# Prove Q is the equivalence relation on A

• Hirman
In summary: It means that the domain and range of f are the same as the domains and ranges of R.In summary, Q is an equivalence relation on A that is reflexive, symmetric and transitive.
Hirman
Homework Statement
Assume that f:A—>B and that R is an equivalence relation on B
Define Q to be the set {<x,y> ∈ A X A |<f(x),f(y)> ∈ R}
Relevant Equations
Define Q to be the set {<x,y> ∈ A X A |<f(x),f(y)> ∈ R}
I can’t understand it.

what is equivalence relation by definition?

R is an equivalence relation on R iff R is a binary relation on A that is reflexive on A, symmetric and transitive

Hirman said:
Homework Statement:: Assume that f:A—>B and that R is an equivalence relation on B
Define Q to be the set {<x,y> ∈ A X A |<f(x),f(y)> ∈ R}
Relevant Equations:: Define Q to be the set {<x,y> ∈ A X A |<f(x),f(y)> ∈ R}

I can’t understand it.
What does ##\langle f(x), f(y) \rangle \in \mathbb R## mean?

PeroK said:
What does ##\langle f(x), f(y) \rangle \in \mathbb R## mean?
f(x)∈ dom(R), f(y)∈ ran(R) and f(x)Rf(y)

Hirman said:
is a binary relation on A
what is arbitrary relation on A

Hirman said:
reflexive on A, symmetric and transitive
write the formulas

PeroK said:
What does mean?
I think that it is not a good idea to use notation for reals

Delta2
Hirman said:
f(x)∈ dom(R), f(y)∈ ran(R) and f(x)Rf(y)
Ah! I missed that. So what's the difficulty here?

How to prove Q is an equivalence relation on A?

Hirman said:
How to prove Q is an equivalence relation on A?
Okay, what exactly is stopping you getting started? The rules are you have to show an attempt at a solution.

I’m sorry.But I have no ideal how to get start.I can't see the connection between x and y in A, the only connection is in B.But B is another set.

Hirman said:
I’m sorry.But I have no ideal how to get start.I can't see the connection between x and y in A, the only connection is in B.But B is another set.

You know this:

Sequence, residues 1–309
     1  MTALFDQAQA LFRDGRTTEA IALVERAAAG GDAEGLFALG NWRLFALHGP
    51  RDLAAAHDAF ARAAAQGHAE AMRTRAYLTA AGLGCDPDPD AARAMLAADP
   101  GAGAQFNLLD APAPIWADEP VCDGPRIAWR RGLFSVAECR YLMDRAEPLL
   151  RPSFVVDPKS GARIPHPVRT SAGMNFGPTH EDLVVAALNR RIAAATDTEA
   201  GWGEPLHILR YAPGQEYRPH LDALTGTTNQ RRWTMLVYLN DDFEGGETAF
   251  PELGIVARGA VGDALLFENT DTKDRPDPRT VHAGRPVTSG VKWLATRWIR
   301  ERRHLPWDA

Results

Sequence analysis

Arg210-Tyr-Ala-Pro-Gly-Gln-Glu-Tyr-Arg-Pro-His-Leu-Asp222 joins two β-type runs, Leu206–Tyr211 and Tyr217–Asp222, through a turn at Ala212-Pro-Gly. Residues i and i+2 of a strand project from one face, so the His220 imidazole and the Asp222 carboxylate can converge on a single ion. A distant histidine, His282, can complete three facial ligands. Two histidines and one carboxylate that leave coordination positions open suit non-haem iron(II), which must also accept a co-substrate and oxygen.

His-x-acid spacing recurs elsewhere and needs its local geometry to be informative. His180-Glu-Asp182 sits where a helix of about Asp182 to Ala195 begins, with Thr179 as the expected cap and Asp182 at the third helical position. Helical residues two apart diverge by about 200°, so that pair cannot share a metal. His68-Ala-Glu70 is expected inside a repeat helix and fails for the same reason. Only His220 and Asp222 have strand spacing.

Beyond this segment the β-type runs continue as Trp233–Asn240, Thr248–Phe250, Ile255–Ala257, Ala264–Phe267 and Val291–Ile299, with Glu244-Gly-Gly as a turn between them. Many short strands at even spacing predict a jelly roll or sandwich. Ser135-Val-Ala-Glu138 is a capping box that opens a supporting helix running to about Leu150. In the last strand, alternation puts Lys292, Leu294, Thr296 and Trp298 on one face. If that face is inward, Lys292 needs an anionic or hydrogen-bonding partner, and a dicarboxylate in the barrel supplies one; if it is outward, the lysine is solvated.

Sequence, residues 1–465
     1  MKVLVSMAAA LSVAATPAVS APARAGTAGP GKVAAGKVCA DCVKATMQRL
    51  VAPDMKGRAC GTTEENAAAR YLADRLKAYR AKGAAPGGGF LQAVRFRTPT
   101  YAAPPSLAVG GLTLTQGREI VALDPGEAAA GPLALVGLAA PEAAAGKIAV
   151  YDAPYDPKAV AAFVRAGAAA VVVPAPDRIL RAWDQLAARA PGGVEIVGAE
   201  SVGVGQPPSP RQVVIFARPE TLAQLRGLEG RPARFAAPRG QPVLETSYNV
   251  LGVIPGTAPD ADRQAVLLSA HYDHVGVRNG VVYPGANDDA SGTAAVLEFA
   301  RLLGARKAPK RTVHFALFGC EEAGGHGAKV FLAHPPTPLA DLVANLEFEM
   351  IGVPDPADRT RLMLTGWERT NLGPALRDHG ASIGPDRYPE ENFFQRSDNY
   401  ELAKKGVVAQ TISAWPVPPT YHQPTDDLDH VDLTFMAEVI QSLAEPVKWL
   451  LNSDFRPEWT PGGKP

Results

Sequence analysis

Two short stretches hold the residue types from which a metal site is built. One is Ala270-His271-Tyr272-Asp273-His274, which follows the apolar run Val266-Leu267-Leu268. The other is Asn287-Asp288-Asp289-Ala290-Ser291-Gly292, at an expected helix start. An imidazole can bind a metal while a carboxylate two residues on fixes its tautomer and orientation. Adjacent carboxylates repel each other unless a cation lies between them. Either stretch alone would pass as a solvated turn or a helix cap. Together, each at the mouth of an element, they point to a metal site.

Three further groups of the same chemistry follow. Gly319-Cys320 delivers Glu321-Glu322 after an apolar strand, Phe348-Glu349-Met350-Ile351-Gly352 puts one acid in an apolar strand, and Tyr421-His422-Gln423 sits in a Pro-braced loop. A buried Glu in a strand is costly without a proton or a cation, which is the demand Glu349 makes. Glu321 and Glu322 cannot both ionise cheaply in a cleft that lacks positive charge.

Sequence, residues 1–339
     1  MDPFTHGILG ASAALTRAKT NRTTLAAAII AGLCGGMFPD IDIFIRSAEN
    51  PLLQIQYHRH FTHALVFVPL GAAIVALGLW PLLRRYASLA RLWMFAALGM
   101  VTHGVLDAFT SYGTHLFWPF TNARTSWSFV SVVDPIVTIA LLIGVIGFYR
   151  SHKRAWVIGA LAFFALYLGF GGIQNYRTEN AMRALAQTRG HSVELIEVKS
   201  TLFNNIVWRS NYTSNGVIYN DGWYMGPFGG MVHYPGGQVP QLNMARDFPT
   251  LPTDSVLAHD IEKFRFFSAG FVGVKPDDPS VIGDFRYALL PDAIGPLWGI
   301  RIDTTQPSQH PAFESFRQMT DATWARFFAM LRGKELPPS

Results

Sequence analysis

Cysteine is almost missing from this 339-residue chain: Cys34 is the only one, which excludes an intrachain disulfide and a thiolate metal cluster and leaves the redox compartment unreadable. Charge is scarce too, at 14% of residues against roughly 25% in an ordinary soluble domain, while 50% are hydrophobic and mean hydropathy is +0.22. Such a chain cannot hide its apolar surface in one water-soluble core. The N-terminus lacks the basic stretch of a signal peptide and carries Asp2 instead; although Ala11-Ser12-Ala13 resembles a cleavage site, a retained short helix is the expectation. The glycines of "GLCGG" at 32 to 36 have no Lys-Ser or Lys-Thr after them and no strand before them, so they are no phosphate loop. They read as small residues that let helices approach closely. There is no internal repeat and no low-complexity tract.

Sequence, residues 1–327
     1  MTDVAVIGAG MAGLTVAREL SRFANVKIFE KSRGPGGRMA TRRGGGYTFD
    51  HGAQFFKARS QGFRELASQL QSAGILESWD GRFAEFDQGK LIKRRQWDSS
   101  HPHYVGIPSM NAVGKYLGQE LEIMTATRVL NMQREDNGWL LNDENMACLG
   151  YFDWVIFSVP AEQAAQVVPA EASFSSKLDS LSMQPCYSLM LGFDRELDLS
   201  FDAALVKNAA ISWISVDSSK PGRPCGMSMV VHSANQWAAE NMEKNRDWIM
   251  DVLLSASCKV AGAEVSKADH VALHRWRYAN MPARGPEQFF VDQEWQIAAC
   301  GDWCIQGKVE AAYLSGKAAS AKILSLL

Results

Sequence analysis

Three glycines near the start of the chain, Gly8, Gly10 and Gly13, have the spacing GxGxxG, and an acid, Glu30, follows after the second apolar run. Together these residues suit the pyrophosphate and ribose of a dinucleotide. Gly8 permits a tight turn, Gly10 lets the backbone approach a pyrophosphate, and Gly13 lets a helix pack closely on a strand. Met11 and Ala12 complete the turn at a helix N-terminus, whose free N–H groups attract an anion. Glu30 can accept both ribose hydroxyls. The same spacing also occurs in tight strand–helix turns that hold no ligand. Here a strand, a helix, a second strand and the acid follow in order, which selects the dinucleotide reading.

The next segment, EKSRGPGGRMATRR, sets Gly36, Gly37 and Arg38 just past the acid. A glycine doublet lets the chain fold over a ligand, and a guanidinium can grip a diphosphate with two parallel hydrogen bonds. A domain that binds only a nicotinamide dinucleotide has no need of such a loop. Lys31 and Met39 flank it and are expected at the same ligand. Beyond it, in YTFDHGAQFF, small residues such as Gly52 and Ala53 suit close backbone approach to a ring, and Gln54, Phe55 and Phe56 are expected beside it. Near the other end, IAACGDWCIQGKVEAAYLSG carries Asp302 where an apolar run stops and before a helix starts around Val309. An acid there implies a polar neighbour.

Hirman said:
R is an equivalence relation on R iff R is a binary relation on A that is reflexive on A, symmetric and transitive

That's true for ##Q## as well, right? In fact, I would have written:

An equivalence relation (on a set) is a binary relation (on that set) that is reflexive, symmetric and transitive.

You need to prove that ##Q## is reflexive, symmetric and transitive. Okay? That's you started.

Hirman said:
f(x)∈ dom(R), f(y)∈ ran(R) and f(x)Rf(y)
That's not right. You're told f is a function from A to B, so x and y are in A = dom(f) while f(x) and f(y) are in B = ran(f).

##\langle f(x), f(y) \rangle \in R## is just another way of writing ##f(x) R f(y)##.

## 1. What is an equivalence relation?

An equivalence relation is a mathematical concept that defines a relationship between elements in a set. It is a binary relation that is reflexive, symmetric, and transitive.

## 2. How do you prove that Q is an equivalence relation?

To prove that Q is an equivalence relation on a set A, you must show that it satisfies the three properties: reflexivity, symmetry, and transitivity. This can be done by showing that for any elements a, b, and c in set A, a is related to itself (reflexivity), if a is related to b, then b is related to a (symmetry), and if a is related to b and b is related to c, then a is related to c (transitivity).

## 3. What is the importance of equivalence relations in mathematics?

Equivalence relations are important in mathematics because they allow us to classify elements in a set into distinct groups based on their relationships. This can help us better understand and analyze mathematical structures and systems.

## 4. Can you provide an example of an equivalence relation?

One example of an equivalence relation is the relation "is congruent to" on the set of triangles. This relation satisfies the three properties and allows us to classify triangles into different types (equilateral, isosceles, scalene) based on their side lengths.

## 5. How are equivalence relations used in real-world applications?

Equivalence relations have various real-world applications, such as in computer science for data clustering and in social sciences for grouping individuals based on shared characteristics. They are also used in statistics for creating equivalence classes to analyze data and in engineering for creating equivalence classes of components for reliability analysis.

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